In so doing, however, the MTA Board may have violated Massachusetts's Open Meeting Law by meeting privately ("back-room meetings") with lawyers during a break in the public meeting. The nature of the Board's public meeting changed after the private meetings occurred, highlighting how substantive and key the private meetings appear to have been to the subsequent Board vote.
Boston Globe Story on MTA Board Meeting
Mac Daniel, Director of Communications for the MTA, confirmed the accuracy of the reporting in the Boston Globe story about the October 29 public meeting of the MTA Board. That story reported that a break in the meeting occured after two hours but before the Board vote on the toll increase. The story also reported that during the meeting break "several back-room meetings" occured between Transportation Secretary Bernard Cohen, "fellow board members and Turnpike Authority lawyers."
Daniel clarified that the break and the "back-room" meetings were not part of an Executive Session. In particular, he said, the MTA Board did not enter Executive Session at any time prior to the vote on the toll increases, but did enter Executive Session after the vote occurred.
How many people were meeting privately in the "back-room"? The Globe story states it was the Board chairman (Secretary Cohen), "fellow board members" (i.e., plural, so at least two), and MTA lawyers.
What was discussed in the "back-room" meetings? The Globe story does not make it clear, instead only noting the reasons given subsequent to the "back-room" meetings to support the toll increase:
Any delay in approving a hike would risk damaging the authority's bond rating and possibly lead to higher interest rates, authority lawyers said...Daniel confirmed that, early in the public meeting, Secretary Cohen was considering post-poning the Board vote on the toll increase for a month, but that he was later told that any delay in approving a toll increase could have a negative impact on being able to roll out the increases by January 1, 2008. Daniel also confirmed the Globe story that concerns over the MTA's bond rating factored into the decision to vote on October 29 on the toll increase. "Cohen initially agreed with the rest of the board... that a final vote could wait another month," reported the Globe. Secretary Cohen's position changed in the latter part of the public meeting -- after the "back-room" meetings had taken place -- to supporting the toll increases.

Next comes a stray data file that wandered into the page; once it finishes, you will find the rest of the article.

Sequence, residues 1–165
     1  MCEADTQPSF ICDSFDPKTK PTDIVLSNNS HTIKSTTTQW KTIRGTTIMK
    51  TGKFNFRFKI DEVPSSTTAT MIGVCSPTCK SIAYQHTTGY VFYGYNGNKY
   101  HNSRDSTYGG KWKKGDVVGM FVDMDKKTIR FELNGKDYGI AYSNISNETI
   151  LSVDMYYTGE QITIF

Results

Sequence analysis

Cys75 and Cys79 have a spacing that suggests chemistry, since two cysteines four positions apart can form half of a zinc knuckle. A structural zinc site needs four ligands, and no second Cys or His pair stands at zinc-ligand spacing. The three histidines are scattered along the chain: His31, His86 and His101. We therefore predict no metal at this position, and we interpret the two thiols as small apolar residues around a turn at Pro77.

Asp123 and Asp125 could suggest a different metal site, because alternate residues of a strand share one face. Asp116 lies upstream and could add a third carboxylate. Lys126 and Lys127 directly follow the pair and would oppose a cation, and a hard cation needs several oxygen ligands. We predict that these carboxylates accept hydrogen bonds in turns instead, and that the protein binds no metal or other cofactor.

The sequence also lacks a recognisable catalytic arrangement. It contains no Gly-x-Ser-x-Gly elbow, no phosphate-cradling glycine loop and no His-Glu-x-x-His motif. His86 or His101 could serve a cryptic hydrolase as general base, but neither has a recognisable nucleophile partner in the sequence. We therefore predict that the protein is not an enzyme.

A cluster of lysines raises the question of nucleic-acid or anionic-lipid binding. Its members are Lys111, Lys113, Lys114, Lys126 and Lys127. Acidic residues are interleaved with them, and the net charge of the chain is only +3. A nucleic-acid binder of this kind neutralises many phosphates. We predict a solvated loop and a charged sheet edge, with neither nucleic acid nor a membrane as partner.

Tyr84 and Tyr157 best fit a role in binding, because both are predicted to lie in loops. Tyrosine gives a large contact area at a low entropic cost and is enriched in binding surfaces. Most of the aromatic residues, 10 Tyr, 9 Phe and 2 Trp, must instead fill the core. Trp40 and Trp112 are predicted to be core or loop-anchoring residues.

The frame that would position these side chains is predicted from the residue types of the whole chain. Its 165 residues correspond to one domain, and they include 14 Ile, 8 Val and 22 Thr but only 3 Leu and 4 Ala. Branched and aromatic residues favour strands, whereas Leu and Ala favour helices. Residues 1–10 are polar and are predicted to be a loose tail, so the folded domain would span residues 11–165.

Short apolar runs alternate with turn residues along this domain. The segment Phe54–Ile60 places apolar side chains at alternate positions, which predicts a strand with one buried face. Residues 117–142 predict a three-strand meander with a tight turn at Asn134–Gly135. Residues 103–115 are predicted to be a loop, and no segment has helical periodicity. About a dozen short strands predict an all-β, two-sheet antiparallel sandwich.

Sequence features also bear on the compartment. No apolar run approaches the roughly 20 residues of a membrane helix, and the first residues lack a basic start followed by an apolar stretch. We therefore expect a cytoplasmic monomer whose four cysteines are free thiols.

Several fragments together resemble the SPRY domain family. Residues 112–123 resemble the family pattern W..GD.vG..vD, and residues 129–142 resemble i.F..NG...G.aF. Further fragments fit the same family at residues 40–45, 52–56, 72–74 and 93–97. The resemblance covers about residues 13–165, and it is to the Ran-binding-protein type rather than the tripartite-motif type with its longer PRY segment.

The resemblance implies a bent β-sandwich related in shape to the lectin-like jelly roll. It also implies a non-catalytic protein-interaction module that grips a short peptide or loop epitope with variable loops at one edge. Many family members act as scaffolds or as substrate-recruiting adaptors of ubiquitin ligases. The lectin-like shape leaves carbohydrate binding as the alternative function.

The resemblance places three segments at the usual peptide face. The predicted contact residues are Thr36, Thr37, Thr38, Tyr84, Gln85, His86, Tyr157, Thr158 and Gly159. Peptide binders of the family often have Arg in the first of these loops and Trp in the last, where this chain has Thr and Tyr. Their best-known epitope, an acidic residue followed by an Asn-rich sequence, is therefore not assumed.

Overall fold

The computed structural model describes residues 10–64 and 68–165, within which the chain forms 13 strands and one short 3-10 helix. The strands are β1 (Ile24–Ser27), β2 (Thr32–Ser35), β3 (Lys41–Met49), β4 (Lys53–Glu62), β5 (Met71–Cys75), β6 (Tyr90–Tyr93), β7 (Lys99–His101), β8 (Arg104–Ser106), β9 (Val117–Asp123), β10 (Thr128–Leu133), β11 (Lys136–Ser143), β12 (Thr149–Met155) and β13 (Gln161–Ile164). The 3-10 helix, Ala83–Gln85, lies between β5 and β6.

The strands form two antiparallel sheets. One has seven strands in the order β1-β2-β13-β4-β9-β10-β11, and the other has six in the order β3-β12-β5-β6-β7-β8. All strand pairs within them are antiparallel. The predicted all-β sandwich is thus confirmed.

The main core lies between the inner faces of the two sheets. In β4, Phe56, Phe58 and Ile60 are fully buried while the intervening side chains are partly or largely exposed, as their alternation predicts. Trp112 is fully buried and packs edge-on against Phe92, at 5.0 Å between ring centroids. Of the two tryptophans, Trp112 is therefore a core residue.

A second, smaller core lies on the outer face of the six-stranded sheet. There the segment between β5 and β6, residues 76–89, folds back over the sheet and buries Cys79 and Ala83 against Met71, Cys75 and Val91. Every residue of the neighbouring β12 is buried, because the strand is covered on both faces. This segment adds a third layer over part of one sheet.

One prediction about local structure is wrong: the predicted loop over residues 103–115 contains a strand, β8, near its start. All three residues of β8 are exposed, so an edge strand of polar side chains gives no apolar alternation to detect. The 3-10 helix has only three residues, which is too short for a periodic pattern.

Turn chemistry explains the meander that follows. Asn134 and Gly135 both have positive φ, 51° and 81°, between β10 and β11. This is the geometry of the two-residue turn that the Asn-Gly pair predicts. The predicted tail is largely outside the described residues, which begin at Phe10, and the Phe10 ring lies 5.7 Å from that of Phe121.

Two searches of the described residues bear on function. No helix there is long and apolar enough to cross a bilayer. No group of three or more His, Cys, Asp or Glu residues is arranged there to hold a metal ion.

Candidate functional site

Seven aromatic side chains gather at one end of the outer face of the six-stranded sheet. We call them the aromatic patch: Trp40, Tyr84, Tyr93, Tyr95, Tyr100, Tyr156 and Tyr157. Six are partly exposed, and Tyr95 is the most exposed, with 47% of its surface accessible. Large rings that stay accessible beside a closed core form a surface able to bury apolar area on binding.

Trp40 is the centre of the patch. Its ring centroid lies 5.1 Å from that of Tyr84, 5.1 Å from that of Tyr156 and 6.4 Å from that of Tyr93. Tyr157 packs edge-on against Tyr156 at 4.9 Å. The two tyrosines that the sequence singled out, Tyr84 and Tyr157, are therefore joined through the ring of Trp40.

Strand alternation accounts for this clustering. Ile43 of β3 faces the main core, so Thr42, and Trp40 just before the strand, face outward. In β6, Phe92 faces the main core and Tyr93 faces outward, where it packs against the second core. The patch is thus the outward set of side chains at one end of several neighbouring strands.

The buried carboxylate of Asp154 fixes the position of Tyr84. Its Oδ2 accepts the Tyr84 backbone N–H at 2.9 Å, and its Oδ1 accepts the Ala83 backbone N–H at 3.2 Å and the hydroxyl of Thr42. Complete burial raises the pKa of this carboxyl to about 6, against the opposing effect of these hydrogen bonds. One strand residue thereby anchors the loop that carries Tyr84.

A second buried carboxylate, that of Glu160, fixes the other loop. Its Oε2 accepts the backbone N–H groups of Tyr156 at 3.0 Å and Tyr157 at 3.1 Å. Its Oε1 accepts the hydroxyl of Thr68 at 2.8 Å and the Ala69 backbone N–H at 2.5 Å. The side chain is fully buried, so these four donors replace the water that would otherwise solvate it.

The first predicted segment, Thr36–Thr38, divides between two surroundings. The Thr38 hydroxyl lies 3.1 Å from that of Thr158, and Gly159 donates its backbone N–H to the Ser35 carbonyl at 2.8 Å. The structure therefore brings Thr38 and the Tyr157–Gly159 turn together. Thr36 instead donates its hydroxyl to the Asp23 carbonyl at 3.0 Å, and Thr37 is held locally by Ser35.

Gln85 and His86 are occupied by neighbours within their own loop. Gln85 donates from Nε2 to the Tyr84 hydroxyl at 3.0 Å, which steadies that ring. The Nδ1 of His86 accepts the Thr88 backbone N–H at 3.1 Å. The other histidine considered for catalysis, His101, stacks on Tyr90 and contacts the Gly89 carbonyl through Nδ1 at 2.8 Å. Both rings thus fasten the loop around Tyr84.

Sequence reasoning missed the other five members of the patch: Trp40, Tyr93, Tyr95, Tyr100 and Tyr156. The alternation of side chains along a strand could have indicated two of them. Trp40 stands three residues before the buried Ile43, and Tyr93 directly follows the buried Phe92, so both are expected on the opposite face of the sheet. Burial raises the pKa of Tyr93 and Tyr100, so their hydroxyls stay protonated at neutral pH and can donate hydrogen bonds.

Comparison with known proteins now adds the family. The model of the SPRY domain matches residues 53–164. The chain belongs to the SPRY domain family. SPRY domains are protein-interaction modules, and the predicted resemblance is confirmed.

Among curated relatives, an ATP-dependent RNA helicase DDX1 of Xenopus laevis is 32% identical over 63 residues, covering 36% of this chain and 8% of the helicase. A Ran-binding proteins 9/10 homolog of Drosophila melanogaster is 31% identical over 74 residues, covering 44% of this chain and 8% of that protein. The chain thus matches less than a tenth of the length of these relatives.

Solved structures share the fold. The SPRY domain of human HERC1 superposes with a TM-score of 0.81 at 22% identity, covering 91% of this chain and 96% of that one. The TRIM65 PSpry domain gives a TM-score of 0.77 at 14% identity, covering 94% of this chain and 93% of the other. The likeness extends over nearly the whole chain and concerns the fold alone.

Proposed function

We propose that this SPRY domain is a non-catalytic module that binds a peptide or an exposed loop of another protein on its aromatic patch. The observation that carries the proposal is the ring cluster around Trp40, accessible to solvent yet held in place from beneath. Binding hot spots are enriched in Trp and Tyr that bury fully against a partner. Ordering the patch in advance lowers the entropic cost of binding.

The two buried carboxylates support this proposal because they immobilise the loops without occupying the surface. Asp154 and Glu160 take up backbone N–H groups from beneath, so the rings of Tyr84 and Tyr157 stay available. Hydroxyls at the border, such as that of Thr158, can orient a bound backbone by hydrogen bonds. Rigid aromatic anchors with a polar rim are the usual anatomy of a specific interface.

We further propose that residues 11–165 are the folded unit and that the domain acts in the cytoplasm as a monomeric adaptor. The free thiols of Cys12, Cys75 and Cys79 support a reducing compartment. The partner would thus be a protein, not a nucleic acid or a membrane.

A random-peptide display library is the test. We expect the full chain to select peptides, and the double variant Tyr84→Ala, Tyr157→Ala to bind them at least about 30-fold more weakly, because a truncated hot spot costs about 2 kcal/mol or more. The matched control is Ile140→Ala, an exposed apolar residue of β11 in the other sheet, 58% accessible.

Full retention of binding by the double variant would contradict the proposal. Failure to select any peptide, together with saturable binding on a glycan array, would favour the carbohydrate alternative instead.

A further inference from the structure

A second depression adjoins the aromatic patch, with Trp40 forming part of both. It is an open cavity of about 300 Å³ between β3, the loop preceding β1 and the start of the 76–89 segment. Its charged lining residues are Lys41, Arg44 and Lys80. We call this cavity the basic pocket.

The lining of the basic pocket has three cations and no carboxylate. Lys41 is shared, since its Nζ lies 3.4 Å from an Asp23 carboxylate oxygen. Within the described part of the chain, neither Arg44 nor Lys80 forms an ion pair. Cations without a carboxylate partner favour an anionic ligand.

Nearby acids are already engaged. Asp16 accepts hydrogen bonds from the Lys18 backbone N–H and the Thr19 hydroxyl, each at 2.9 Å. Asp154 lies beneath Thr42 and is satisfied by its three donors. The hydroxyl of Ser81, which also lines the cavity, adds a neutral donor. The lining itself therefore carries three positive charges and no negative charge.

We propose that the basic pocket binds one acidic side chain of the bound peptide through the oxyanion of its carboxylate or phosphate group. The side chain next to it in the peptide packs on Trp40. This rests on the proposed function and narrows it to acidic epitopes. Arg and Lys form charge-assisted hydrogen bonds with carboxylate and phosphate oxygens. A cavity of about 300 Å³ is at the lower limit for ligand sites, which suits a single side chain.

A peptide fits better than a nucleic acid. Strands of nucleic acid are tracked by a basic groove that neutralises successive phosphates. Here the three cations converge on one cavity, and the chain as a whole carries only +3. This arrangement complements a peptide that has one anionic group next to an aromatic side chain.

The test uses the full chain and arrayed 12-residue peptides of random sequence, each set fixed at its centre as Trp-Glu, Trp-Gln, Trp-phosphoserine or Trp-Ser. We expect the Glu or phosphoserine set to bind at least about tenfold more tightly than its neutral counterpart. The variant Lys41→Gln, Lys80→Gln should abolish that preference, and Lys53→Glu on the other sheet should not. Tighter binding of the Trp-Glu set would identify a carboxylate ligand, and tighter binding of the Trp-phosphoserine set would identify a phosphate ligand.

But [Cohen] seemed blind-sided when authority staff told him after two hours of debate that a delay would make it difficult if not impossible to begin collecting the new tolls by Jan. 1, the deadline set by bondholders.
One person present on 10/29/07 has confirmed that the public in general was neither notified that the "back-room" meetings were taking place during the break nor were the public invited to attend them.
(Daniel did not respond to an additional request for information and comment related to the meeting. Official minutes [either draft or final] of the 10/29/07 MTA Board meeting were not available for this story; Eileen Fenton of the MTA explained that the minutes are only released once they are approved at the next meeting of the Board.)
Did the MTA Board Meeting Violate the Open Meeting Law?
The Massachusetts Open Meeting Law applying to state agencies is in Massachusetts General Laws Chapter 30A, Sections 11A, 11A-1/2, 11B, and 11C. The Attorney General has issued guidelines for understanding, interpreting, and applying the OML. Many informational resources about the OML can be found at the Massachusetts Trial Court Law Libraries site. Discussion about some other OML cases are discussed on the Brighton Centered Blog.
The basic text of the statute reads:
All meetings of a governmental body shall be open to the public and any person shall be permitted to attend any meeting except as otherwise provided by this section.
No quorum of a governmental body shall meet in private for the purpose of deciding on or deliberating toward a decision on any matter except as provided by this section. [M.G.L. Ch.30A, Section 11A1/2.]
Applicability. Does the OML apply at all to the MTA Board? The Law gives the definition of "Governmental body" as:
a state board, committee, special committee, subcommittee or commission, however created or constituted within the executive or legislative branch of the commonwealth or the governing board or body of any authority established by the general court to serve a public purpose in the commonwealth or any part thereof, but shall not include the general court or the committees or recess commissions thereof, or bodies of the judicial branch, or any meeting of a quasi-judicial board or commission held for the sole purpose of making a decision required in an adjudicatory proceeding brought before it, nor shall it include the board of bank incorporation or the Policyholders Protective Board. [MGL, Ch.30A, Section 11A]As I understand it, the MTA Board is the governing board of an authority established by the State Legislature, so the OML appears to be applicable. (Note: I am not a lawyer, so I have not pored through case law on any of these issues.) A contrary argument might be made, however, based on the Supreme Judicial Court ruling that the MTA Board was "not part of the machinery of the government" when it considered the attempted firings in 2001 by Acting Governor Jane Swift of Board members Christy Mihos and Jordan Levy. It is unclear how that particular ruling of the SJC might impact the applicability of the OML to the MTA Board.